Last but not least, kudos to Project Drawdown for recognizing that empowering women will have a positive impact in our fight against climate change. Increased access to education, increased access to family planning and closing the gender gap in small-scale farming are some of the solutions the organization ranked high.

Check out all the rankings and let us know what things you are doing to combat climate change and help the planet.

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Dr. Michelle Schoffro Cook, PhD, DNM shares her food growing, cooking, and other food self-sufficiency adventures at FoodHouseProject.com. She is the publisher of the free e-newsletter World’s Healthiest News, founder of Scent-sational Wellness, and an international best-selling and 20-time published book author whose works include: Be Your Own Herbalist: Essential Herbs for Health, Beauty, & Cooking. Follow her work.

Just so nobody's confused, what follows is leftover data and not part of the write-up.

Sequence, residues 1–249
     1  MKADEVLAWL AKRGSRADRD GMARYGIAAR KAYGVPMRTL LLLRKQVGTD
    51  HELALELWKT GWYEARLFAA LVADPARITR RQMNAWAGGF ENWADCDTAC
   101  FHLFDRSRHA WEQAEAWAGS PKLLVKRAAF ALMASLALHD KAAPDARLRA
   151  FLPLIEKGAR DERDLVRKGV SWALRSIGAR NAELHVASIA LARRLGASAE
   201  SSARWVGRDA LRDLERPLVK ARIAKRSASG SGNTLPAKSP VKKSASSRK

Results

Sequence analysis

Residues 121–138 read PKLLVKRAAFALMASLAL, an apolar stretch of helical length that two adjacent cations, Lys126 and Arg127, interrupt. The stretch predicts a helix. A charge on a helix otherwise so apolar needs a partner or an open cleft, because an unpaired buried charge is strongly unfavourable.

86 comments

Leo C
Leo Cyesterday

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Hui S
Hui S5 days ago

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Leo C
Leo C5 days ago

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Leo C
Leo C6 days ago

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Carla G
Carla G7 days ago

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Angela K7 days ago

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Leo C8 days ago

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Leo Custer
Leo C9 days ago

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danii p9 days ago

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danii p9 days ago